U.S. Anger over IS 'Atrocity' against Christians in Libyaإقرأ هذا الخبر بالعربية
The United States on Sunday condemned the "brutal mass murder" of 30 Ethiopian Christians in Libya following a video released by Islamic State militants purportedly showing their execution.
The 29-minute IS video appears to show militants holding two groups of captives, described in text captions as "followers of the cross from the enemy Ethiopian Church".
National Security Council spokeswoman Bernadette Meehan decried the killings and called for stability in Libya, which has been mired in political chaos and unrest since the 2011 uprising that toppled former strongman Moamer Kadhafi.
"The United States condemns in the strongest terms the brutal mass murder purportedly of Ethiopian Christians by ISIL-affiliated terrorists in Libya," she said, using another name for IS.
"This atrocity once again underscores the urgent need for a political resolution to the conflict in Libya to empower a unified Libyan rejection of terrorist groups."
Ethiopia said its embassy in Egypt was trying to verify the video to ascertain if those murdered were indeed its nationals.
"We strongly condemn such atrocities, whether they are Ethiopians or not," Communications Minister Redwan Hussein told AFP.
The video portrays a masked fighter in black brandishing a pistol, who makes a statement threatening Christians if they do not convert to Islam.
The video then switches between footage of one group of about 12 men being beheaded by masked militants on a beach, and another group of at least 16 being shot in the head in a desert area.
It was not immediately clear who the captives were or how many were killed.
Before the killings, the video shows purported footage of Christians in Syria, saying they had been given the choice of converting to Islam or paying a special tax, and had decided to pay.
The video bore the logo of the IS media arm and was similar to past footage released by the jihadists, including of 21 Coptic Christians beheaded on a Libyan beach in February. Several Libyan jihadist groups have pledged allegiance to IS.
Addis Ababa says IS, which has seized chunks of Syria and Iraq and won the support of jihadist groups across the region, has also gained a foothold in Ethiopia.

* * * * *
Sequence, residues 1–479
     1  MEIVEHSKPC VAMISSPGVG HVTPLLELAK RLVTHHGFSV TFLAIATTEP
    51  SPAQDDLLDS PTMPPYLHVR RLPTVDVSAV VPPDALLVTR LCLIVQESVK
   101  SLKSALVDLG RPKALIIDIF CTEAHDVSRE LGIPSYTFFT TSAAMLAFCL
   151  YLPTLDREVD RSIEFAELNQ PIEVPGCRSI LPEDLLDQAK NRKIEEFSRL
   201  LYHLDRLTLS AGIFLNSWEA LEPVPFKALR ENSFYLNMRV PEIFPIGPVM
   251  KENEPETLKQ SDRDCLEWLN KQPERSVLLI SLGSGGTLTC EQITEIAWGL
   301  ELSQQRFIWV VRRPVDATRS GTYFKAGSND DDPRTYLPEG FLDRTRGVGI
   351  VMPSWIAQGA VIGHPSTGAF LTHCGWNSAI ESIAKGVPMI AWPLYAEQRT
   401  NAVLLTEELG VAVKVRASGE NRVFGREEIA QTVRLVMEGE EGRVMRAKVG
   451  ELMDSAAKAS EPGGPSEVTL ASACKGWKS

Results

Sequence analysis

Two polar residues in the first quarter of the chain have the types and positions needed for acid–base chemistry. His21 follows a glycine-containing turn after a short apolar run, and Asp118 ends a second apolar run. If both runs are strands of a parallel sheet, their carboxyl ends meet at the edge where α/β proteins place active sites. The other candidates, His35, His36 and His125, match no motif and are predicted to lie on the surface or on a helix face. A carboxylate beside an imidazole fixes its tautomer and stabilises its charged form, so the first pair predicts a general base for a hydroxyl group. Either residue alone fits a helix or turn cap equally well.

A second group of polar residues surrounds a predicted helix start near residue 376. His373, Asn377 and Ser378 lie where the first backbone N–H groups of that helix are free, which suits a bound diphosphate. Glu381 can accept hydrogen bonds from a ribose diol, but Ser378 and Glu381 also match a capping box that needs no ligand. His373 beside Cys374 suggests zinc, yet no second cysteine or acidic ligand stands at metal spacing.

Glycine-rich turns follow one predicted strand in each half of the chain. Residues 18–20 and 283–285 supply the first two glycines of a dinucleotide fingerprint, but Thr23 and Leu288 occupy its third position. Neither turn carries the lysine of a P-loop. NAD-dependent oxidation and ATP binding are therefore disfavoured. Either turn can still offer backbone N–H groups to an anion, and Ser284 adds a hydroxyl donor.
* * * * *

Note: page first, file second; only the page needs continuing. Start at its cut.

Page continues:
"There are elements of IS around Ethiopia who are already carrying out operations, even though under a different name," said Redwan, referring to the Shebab group.
"We will keep on fighting them."
- Fears for Christians -
Since the 2011 revolt, Libya has been awash with weapons, has rival governments and parliaments, and is on the edge of all-out civil war as armed groups battle to control its cities and oil wealth.
Officials have repeatedly warned that Libya could become a jihadist haven on Europe's doorstep unless the violence stops and a national unity government is formed.
And waves of would-be immigrants including Ethiopians have been using Libya as a stepping stone to embark on perilous sea crossings to Europe. More than 700 people are feared drowned in the latest disaster.
On Sunday, UN envoy Bernardino Leon said after weeks of brokering talks between rival Libyan factions that they had reached a draft accord which is "very close to a final agreement".
Speaking to reporters in Morocco, Leon also said preparations were under way for armed groups to hold direct talks to end the conflict.
Referring to the IS video and fighting in Libya, Leon said: "We know that the enemies of peace, the enemies of the agreement, will be active and be even more active in the coming days and weeks."
The IS execution of Copts in February prompted retaliatory air strikes from Egypt, with President Abdel Fattah al-Sisi pushing for the creation of a joint Arab military force to battle jihadists.
Arab military chiefs will meet on Wednesday in Cairo to discuss how the force will be created, its role and financing, an Arab League official said.
A U.S.-led coalition of Western and Arab nations is already waging an air war against IS in Syria and Iraq.
IS has carried out atrocities against minorities -- including Christians and Yazidis -- sparking fears for the fate of vulnerable communities in mostly Muslim nations.